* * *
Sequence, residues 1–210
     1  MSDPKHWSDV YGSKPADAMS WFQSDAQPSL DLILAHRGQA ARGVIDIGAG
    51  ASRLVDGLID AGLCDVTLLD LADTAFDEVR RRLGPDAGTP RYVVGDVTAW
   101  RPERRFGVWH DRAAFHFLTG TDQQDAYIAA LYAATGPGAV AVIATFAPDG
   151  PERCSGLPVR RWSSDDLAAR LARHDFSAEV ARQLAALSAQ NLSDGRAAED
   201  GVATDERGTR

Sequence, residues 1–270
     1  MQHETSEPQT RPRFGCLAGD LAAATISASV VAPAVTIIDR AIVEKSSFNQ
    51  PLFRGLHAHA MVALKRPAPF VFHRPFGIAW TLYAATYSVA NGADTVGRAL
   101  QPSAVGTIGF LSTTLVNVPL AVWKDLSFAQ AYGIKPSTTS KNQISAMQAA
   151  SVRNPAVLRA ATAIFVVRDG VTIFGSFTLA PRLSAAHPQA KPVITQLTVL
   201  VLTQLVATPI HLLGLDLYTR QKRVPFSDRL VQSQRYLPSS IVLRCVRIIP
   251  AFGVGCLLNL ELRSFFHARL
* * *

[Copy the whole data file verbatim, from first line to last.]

Sequence, residues 1–210
     1  MSDPKHWSDV YGSKPADAMS WFQSDAQPSL DLILAHRGQA ARGVIDIGAG
    51  ASRLVDGLID AGLCDVTLLD LADTAFDEVR RRLGPDAGTP RYVVGDVTAW
   101  RPERRFGVWH DRAAFHFLTG TDQQDAYIAA LYAATGPGAV AVIATFAPDG
   151  PERCSGLPVR RWSSDDLAAR LARHDFSAEV ARQLAALSAQ NLSDGRAAED
   201  GVATDERGTR

Sequence, residues 1–270
     1  MQHETSEPQT RPRFGCLAGD LAAATISASV VAPAVTIIDR AIVEKSSFNQ
    51  PLFRGLHAHA MVALKRPAPF VFHRPFGIAW TLYAATYSVA NGADTVGRAL
   101  QPSAVGTIGF LSTTLVNVPL AVWKDLSFAQ AYGIKPSTTS KNQISAMQAA
   151  SVRNPAVLRA ATAIFVVRDG VTIFGSFTLA PRLSAAHPQA KPVITQLTVL
   201  VLTQLVATPI HLLGLDLYTR QKRVPFSDRL VQSQRYLPSS IVLRCVRIIP
   251  AFGVGCLLNL ELRSFFHARL